David Lopez
Country Manager
BioMarin Mexico

Orphan Drugs Face Tough Environment

Wed, 09/06/2017 - 10:30

Rare diseases are often difficult to treat because developing medications for them is costly for manufacturers, which can make them prohibitively expensive for patients and insurers. To address this problem, COFEPRIS is supporting drug manufacturers, such as BioMarin, with simpler administrative processes.

Rare diseases affect less than five in 10,000 individuals, but with thousands of rare diseases, millions are affected. In Mexico, 8 million individuals are estimated to have one, according to the Mexican Federation for Rare Diseases (FEMEXER). Medications used to treat rare diseases are called orphan drugs and their development can be costly due to the nature of the diseases themselves. BioMarin, a California-based pharmaceutical company specializing in orphan drugs for achondroplasia, hemophilia and several types of Mucopolysacharidosis (MPS), says there are several factors that complicate their production and distribution.

“Gaining access to treatment is becoming more and more complex, mainly due to three reasons: cost, availability of government resources allocated to rare disease care and lack of knowledge of the authorities and doctors,” says David López, Country Manager of BioMarin in Mexico. The correct diagnosis of a rare disease can be hindered by a physicians’ unfamiliarity with it, complicating the generation of a patient population for clinical trials. López says that frequently it is only after a successful treatment is developed that doctors increase their awareness and know what to look for in patients. All medications must be tested on sufferers of the condition they treat, yet for rare diseases these patients can be scattered over countries and continents. For this reason, clinical trials are multinational with a handful of patients in each country, complicating logistics and raising costs.

Providing treatment for these diseases in Mexico runs into additional difficulties since the drugs, produced at high cost and in fewer quantities, tend to be more expensive, leaving a large percentage of sufferers depending on the social security system for their treatment. López estimates that 40 percent of sufferers depend on IMSS for their rare-disease treatments, while another 40 percent rely on the Seguro Popular. However, public institutions are sometimes reluctant to spend a large portion of their ever-shrinking budgets on drugs that will treat very few patients. “In the last 18 months, Seguro Popular cut around MX$10 billion (US$555 million) from its catastrophic fund, which is the budget for rare diseases and other expensive afflictions such as cancer. At the same time, IMSS has not accepted any new molecule for rare diseases in the last five years,” says López. Patients at private institutions may not have an easier time finding relief. Most private insurers do not cover rare diseases, which are considered pre-existing conditions.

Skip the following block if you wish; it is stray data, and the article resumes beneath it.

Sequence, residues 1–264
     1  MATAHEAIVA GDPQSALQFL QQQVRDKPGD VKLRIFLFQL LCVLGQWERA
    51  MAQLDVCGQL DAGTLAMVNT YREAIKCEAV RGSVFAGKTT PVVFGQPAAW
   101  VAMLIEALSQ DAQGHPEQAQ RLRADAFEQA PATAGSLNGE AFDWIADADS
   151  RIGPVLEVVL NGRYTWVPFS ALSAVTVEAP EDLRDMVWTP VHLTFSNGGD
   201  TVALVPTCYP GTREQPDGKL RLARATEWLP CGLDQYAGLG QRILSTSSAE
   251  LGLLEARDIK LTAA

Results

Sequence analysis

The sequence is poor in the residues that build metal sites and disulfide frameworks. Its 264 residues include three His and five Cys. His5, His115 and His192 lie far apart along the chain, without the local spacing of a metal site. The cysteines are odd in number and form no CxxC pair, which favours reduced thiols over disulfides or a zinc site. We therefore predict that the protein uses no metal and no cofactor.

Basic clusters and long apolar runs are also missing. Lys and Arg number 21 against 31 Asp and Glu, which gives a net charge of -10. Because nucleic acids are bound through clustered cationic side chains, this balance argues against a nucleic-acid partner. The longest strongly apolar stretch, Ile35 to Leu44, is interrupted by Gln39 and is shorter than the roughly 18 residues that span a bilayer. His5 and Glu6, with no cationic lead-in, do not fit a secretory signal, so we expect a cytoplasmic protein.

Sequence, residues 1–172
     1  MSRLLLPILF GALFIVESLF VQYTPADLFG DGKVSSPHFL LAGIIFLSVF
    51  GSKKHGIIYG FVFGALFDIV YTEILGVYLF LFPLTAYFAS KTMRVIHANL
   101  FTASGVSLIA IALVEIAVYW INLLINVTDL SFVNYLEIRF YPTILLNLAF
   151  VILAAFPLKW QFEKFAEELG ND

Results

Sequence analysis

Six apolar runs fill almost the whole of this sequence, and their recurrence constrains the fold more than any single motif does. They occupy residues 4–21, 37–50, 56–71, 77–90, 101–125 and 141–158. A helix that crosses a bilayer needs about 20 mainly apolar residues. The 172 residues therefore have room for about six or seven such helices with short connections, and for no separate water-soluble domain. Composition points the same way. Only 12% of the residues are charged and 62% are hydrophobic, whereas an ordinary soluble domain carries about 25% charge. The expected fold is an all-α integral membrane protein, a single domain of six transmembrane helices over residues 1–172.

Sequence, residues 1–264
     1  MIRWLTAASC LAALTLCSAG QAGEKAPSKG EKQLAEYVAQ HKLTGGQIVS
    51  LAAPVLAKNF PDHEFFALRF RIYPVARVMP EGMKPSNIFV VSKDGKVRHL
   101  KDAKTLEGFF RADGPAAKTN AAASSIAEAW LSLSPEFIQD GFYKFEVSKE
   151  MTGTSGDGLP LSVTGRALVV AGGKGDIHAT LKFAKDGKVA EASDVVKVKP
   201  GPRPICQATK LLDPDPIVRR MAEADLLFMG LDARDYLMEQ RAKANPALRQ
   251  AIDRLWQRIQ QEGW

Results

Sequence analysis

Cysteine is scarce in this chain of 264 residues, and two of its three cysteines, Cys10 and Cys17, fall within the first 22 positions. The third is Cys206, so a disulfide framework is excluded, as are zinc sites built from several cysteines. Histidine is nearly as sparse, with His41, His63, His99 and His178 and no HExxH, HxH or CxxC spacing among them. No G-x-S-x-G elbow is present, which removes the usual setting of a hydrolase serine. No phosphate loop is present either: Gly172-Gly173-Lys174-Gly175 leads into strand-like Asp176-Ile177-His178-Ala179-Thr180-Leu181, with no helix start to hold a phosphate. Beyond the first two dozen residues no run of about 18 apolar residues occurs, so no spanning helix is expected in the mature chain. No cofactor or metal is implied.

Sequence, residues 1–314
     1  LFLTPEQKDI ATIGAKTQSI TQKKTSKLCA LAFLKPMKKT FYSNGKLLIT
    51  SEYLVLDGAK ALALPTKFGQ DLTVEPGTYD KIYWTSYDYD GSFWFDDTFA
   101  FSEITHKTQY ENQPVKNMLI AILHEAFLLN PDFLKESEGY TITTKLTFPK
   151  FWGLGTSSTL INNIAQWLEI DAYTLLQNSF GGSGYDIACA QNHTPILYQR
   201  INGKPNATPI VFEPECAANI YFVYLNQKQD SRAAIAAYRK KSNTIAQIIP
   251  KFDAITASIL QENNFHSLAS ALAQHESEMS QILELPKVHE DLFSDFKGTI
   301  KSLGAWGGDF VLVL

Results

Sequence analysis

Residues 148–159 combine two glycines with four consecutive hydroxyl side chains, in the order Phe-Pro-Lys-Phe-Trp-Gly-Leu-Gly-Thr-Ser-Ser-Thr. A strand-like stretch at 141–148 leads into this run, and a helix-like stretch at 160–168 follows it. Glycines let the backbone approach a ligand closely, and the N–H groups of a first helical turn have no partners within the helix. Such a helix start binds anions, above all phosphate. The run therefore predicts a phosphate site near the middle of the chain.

There are three steps for a drug to become available in Mexico. The first is registration, which usually takes four to six months, but the second and third steps are more complicated. The second is to register the drug with the National Health Council (CSG), which then adds it to the National Formulary. Finally, a purchaser, such as IMSS, ISSSTE, Seguro Popular or PEMEX, must accept the product.

Considering all the challenges to introduce orphan drugs into the Mexican healthcare sector, regulators are trying to simplify the process. “COFEPRIS understands very well how orphan drugs are developed. It never asks for a long and complex clinical trial because it knows a 50-100 patient trial requires the same, or frequently more effort and investment to develop and it is really open to approving these drugs,” López says. Due to those small numbers, orphan drugs do not need to be retested in Mexico because the country accepts FDA or EMA certification.

The result is a faster introduction of orphan drugs into the country, benefitting many patients. “There are about 500 patients receiving lysosomal treatment for six different diseases and the compliance rate or adherence to treatment is just under 80-90 percent. This is very good when compared with that of chronic diseases,” López says. This will also benefit orphan drug manufacturers, which are studiously working on the development of more medicines to treat those patients. According to López, the future of the market depends on continued innovation.